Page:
Modular construction: Here to stay or passing trend?

Modular construction can make sense for some projects, but developers should consider the method’s limitation as part of a well-thought-out approach.

By  Warren Feldman

In recent years, the willingness of hotel brands and developers to use modular construction has expanded exponentially due in large part to improved quality of the modular components and technology that has enabled better coordination.

It is important to understand that modular hotel construction does not mean just stacking 150 mobile homes on top of each other and calling it a hotel. Rather, it involves creating repeatable components designed and manufactured to allow them to be pieced together to form a portion of or all of a hotel with some parts of the construction occurring offsite and other portions being completed on site.

The components could be as simple as pre-panelized exterior wall modules, which are constructed offsite with the sheathing, window and wall framing and set in place by crane as the building goes up. This creates a watertight enclosure much faster and allows for a rapid transition to installing interior finishes. It could be the use of prefabricated “bathroom pods,” built offsite and tied together in the field to create a fully-plumbed system almost instantly as the hotel goes up.

It is also possible to create modules that include the entire guestroom and, in some case, even a guestroom corridor. These modules can be finished to varying degrees as the project warrants. Some projects have taken the prefabrication all the way to fully finished construction on the interior finishes of the guestroom including carpet, paint, lighting, wall vinyl, tile, luxury vinyl tile and plumbing fixtures. This allows the guestroom to be a sealed environment completely ready for furniture and final occupancy, just requiring on-site plumbing and electrical connections when the modules are set in place.

Timing is important, and decisions regarding modular construction must be made early in the design process, sometimes before additional construction costs may be known.

Because each room module is a separate component, the guestroom party walls become double stud walls. The guestroom floors and ceilings become separate joist systems. This means your building will be longer and taller than with conventional construction. If you have a tight site or a building height restriction, this will be an important consideration. The climate location of your project can also be an issue. The location of the vapor barrier in your exterior wall varies by location. With modular construction, that vapor barrier is typically located on the outside of your building sheathing, which is an important consideration in certain climates particularly.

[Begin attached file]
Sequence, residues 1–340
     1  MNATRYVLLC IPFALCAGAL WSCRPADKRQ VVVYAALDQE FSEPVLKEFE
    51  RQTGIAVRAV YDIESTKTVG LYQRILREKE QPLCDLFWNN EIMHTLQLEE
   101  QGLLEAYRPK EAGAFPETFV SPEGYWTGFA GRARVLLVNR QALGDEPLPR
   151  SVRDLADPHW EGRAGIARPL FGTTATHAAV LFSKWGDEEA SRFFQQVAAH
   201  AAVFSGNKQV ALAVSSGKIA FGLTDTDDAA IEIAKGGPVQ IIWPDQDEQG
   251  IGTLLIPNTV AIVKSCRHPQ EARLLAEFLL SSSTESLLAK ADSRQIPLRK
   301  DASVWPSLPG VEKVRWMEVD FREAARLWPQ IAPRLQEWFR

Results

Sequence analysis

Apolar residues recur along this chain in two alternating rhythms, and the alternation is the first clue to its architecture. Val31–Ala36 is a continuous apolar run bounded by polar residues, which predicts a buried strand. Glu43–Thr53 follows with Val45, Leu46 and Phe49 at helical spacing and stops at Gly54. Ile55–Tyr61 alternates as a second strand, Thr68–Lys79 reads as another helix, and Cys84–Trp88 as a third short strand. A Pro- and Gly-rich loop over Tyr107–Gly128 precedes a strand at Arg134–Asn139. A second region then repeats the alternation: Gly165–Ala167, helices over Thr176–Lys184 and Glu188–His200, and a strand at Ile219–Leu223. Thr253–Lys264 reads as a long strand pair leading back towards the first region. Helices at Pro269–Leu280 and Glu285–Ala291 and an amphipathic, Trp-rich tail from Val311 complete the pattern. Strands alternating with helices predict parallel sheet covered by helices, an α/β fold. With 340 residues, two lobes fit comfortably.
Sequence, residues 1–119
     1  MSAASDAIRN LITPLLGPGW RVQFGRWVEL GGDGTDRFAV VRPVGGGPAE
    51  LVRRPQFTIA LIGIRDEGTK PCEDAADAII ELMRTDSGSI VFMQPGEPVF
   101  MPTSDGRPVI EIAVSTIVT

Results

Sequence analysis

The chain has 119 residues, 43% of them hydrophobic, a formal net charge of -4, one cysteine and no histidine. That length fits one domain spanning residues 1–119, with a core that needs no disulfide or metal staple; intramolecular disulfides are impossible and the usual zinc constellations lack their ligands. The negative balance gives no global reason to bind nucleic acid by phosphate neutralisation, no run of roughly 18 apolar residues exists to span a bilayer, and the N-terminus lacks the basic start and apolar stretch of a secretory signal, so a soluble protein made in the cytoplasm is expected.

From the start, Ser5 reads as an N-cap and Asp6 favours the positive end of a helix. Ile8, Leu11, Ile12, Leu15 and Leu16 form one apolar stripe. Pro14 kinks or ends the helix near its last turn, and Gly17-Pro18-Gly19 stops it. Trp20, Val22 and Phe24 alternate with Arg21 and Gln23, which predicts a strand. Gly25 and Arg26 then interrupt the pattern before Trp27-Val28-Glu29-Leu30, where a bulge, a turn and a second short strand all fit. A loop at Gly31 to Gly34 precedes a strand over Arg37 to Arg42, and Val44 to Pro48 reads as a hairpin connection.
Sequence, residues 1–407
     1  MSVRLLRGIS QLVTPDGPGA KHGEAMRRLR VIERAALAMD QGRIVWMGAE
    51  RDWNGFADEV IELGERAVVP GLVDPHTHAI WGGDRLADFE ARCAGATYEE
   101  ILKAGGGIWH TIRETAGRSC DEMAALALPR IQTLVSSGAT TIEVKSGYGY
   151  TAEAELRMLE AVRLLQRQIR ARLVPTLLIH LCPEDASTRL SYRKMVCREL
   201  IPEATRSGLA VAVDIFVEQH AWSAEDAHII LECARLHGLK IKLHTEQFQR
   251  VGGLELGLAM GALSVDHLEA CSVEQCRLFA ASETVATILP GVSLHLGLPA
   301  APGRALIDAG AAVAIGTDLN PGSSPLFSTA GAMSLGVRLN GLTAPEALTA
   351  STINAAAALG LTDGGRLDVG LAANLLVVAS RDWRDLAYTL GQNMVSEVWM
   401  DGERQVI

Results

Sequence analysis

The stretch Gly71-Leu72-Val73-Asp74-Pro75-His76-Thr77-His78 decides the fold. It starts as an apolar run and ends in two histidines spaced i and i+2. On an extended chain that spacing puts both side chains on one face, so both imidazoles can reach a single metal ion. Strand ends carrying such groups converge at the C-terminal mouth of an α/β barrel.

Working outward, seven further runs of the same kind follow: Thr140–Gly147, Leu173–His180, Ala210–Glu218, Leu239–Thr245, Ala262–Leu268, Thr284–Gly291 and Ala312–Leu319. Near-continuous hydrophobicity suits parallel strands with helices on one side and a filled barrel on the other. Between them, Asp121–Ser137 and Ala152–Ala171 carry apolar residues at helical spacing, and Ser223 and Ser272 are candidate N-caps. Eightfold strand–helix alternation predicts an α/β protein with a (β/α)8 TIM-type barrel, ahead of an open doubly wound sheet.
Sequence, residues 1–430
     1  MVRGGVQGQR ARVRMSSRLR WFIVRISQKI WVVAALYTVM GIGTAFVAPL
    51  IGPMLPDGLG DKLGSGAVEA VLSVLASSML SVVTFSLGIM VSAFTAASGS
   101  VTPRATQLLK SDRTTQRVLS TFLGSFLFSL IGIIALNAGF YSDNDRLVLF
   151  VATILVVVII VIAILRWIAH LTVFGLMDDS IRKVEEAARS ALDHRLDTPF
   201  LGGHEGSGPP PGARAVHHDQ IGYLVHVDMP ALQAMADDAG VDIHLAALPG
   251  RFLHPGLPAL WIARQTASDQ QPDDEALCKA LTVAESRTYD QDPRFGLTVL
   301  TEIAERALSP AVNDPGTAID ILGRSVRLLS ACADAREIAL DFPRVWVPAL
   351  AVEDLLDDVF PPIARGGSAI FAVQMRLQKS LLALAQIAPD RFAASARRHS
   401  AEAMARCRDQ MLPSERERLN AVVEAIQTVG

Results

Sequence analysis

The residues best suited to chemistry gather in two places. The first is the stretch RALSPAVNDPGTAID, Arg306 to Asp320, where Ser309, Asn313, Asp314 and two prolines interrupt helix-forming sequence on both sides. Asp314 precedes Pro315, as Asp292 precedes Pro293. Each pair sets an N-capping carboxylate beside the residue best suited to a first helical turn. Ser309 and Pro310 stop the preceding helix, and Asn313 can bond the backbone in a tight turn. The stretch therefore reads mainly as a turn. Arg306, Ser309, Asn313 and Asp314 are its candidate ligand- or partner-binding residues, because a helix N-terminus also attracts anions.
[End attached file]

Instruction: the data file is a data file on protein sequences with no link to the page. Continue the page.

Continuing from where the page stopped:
The cost of modular or component systems is generally not lower than standard built-on-site systems unless the market has high labor costs. The major savings in modular or component systems is time. The use of modular components can save weeks and even months in the construction process. As developers know, time translates into lower construction loan carry costs and faster openings. The time savings is because rather than sequential trades commencing one after the other, a majority of the work is completed off-site ahead of time. While full modular construction is probably best suited for select service hotels, the component systems can be used all the way up to luxury properties.

Another consideration with modular construction is future maintenance and renovation costs. Bathroom toilets overflow from time to time. Typically, it is repaired from the floor below, but now the ceiling below has a seal (two actually) between it and the cavity of the toilet area in the bathroom above. Access will be more difficult, and the water may flow in ways other than straight down. Since each room is individually wired, there are few, if any, vertical chases for low voltage changes. These are new issues for which solutions will no doubt be developed as the process becomes more common.

The other hiccup in the system is the local permit office. The actual modular construction might be occurring in another state, and getting inspections to meet local codes needs to be resolved before you start the process.

The quality and process of modular construction will only continue to improve as new advancements are made; and developers will continue to embrace this construction method as it helps deliver projects to market faster.

Warren Feldman, AIA, ISHC is Chief Executive Officer of Jonathan Nehmer + Associates, Inc., an international Architecture, Interior Design, and Project Management firm that specializes in the hospitality industry. He has expertise in all facets of Project Management, Architecture, Interior Design, Design Management, and Construction Administration. His experience includes work as Architect and Owner’s Representative in the direction and management of hospitality, commercial, institutional, educational, and residential projects. Complementing his education in Architecture, Mr. Feldman completed his Juris Doctorate from Georgetown University in December 1998.